Skip to main content

Rudel, Julius


RUDEL, JULIUS (1921– ), U.S. conductor and music administrator of Austrian birth. Rudel studied at the Vienna Academy of Music from 1936 to 1938, when he immigrated with his family to the United States. A further period of study followed at the Mannes School of Music in New York City. In 1943 he joined the New York City Opera Company and made his conducting début there in The Gypsy Baron (1944). From 1957 to 1979, he was the company's musical director and developed it into one of the best companies in the United States. Rudel championed the cause of American opera, presenting the first performances of new stage works by American composers; he also presented the first American performances of many other contemporary operas, including Albert Ginastera's Don Rodrigo Bomarzo and Beatrix Cenci, and Hans Werner Henze's The Young Lord. From 1971 he was musical director of the Kennedy Center for the Performing Arts, Washington, d.c., and of the Caramoor Festival at Katonah, n.y. He also appeared as guest conductor with leading American symphony orchestras (including the Buffalo po, 1981–83) and other American opera companies; at the Vienna Volksoper (where he conducted a very successful German version of Kiss Me, Kate in 1956); in Israel; and at the Spoleto Festival in Italy. He made his debut at the Paris Opera in 1973. Rudel received numerous awards from American cultural organizations, and in 1961 the Austrian government bestowed on him honorary insignia for the arts and sciences. An award for young conductors was established in his honor in 1969. His recordings include Handel's Giulio Cesare with the New York City Opera, versions of Boito's Mefistofele and Massenet's Thaïs and Cendrillon.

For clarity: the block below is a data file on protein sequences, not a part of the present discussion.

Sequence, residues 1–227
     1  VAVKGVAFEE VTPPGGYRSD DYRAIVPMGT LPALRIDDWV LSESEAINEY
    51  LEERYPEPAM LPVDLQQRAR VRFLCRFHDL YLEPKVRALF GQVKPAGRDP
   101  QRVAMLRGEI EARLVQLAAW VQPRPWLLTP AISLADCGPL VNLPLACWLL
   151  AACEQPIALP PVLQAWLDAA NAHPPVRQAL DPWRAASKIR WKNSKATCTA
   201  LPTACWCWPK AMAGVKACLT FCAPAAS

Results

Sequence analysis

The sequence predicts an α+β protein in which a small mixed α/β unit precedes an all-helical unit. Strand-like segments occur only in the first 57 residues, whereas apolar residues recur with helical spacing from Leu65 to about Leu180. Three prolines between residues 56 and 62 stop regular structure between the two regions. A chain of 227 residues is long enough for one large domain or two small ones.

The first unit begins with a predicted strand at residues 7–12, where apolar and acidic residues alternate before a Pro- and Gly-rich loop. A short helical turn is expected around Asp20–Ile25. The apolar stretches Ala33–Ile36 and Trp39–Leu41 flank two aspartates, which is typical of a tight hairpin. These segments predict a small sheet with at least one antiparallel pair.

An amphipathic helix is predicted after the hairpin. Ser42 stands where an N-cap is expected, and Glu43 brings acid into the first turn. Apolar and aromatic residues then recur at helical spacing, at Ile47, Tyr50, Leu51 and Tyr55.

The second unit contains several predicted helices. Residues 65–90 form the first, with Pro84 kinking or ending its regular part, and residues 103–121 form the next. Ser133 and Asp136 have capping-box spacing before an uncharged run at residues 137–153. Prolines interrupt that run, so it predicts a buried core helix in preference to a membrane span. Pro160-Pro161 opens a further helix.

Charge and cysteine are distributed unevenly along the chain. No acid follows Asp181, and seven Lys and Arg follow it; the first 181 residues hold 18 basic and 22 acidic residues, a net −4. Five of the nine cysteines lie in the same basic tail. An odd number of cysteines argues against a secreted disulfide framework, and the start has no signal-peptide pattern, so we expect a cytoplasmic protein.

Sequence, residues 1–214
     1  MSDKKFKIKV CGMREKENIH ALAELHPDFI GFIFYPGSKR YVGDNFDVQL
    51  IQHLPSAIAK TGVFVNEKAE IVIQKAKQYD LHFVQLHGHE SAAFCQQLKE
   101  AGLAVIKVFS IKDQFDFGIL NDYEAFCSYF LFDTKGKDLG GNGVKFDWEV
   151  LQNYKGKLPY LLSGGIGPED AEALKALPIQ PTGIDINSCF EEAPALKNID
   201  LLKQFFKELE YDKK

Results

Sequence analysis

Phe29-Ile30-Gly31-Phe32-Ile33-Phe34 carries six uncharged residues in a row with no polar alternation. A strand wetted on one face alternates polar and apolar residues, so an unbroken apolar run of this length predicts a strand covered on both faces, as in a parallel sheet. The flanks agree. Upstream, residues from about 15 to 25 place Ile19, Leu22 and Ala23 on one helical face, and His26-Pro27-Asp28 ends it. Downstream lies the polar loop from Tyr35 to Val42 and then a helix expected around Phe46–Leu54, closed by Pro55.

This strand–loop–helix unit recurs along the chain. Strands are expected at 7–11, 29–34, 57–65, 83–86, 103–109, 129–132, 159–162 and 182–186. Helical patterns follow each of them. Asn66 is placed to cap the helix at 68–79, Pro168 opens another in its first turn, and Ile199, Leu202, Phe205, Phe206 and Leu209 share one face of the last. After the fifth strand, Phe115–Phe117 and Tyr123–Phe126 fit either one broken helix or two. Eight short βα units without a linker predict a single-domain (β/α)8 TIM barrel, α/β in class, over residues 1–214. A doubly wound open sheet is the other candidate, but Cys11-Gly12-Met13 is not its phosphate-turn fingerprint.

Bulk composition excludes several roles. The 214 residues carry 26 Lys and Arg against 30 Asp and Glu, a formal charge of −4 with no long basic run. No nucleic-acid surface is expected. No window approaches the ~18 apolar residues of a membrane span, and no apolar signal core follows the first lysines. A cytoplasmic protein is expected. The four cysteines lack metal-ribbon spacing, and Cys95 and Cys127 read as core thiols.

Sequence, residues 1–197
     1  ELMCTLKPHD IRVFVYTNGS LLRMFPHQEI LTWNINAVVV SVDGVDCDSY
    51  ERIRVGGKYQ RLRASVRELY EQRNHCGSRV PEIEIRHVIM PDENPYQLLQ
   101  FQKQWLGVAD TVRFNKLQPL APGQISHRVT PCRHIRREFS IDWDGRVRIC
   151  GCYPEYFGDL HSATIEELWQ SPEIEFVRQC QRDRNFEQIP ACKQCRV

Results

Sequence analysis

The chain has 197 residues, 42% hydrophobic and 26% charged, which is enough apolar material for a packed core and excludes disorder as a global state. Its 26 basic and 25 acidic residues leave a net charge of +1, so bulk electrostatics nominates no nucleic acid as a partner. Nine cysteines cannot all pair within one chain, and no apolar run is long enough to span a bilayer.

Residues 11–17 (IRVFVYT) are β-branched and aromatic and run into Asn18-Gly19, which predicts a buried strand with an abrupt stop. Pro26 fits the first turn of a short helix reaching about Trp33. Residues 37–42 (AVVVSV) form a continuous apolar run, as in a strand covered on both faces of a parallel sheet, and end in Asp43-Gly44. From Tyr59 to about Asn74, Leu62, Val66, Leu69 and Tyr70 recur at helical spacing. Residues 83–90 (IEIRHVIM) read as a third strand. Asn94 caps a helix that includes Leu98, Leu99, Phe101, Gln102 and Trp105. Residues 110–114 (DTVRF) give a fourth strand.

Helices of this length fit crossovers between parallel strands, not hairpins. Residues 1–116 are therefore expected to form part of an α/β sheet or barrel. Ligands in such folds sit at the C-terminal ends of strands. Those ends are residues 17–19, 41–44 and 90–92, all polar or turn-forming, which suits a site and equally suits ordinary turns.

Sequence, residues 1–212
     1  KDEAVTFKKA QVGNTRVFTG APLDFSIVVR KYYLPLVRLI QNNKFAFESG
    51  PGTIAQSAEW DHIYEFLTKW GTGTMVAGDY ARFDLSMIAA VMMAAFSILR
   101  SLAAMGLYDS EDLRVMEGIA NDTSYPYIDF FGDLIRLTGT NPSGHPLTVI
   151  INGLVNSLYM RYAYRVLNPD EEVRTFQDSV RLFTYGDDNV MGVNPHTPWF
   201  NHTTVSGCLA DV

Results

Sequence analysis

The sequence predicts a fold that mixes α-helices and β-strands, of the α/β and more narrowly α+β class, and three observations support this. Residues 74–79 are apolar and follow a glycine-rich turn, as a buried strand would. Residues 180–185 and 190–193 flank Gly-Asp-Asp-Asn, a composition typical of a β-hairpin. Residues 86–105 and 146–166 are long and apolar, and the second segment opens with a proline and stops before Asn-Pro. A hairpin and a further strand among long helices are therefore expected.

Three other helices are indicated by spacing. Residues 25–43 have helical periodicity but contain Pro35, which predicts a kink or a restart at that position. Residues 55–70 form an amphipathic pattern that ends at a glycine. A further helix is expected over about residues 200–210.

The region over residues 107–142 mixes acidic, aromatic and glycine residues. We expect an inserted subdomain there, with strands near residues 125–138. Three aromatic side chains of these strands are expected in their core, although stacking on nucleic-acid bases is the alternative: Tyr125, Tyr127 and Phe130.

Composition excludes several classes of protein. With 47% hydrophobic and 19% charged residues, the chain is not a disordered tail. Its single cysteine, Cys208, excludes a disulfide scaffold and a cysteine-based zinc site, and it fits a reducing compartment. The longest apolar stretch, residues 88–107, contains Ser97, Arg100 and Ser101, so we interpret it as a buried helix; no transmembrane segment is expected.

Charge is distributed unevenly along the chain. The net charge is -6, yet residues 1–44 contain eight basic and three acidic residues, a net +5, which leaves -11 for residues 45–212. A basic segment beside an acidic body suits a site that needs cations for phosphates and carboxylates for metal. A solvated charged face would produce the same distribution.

Grove Music Online.

[Max Loppert /

Israela Stein (2nd ed.)]

Cite this article
Pick a style below, and copy the text for your bibliography.

  • MLA
  • Chicago
  • APA

"Rudel, Julius." Encyclopaedia Judaica. . 21 Mar. 2019 <>.

"Rudel, Julius." Encyclopaedia Judaica. . (March 21, 2019).

"Rudel, Julius." Encyclopaedia Judaica. . Retrieved March 21, 2019 from

Learn more about citation styles

Citation styles gives you the ability to cite reference entries and articles according to common styles from the Modern Language Association (MLA), The Chicago Manual of Style, and the American Psychological Association (APA).

Within the “Cite this article” tool, pick a style to see how all available information looks when formatted according to that style. Then, copy and paste the text into your bibliography or works cited list.

Because each style has its own formatting nuances that evolve over time and not all information is available for every reference entry or article, cannot guarantee each citation it generates. Therefore, it’s best to use citations as a starting point before checking the style against your school or publication’s requirements and the most-recent information available at these sites:

Modern Language Association

The Chicago Manual of Style

American Psychological Association

  • Most online reference entries and articles do not have page numbers. Therefore, that information is unavailable for most content. However, the date of retrieval is often important. Refer to each style’s convention regarding the best way to format page numbers and retrieval dates.
  • In addition to the MLA, Chicago, and APA styles, your school, university, publication, or institution may have its own requirements for citations. Therefore, be sure to refer to those guidelines when editing your bibliography or works cited list.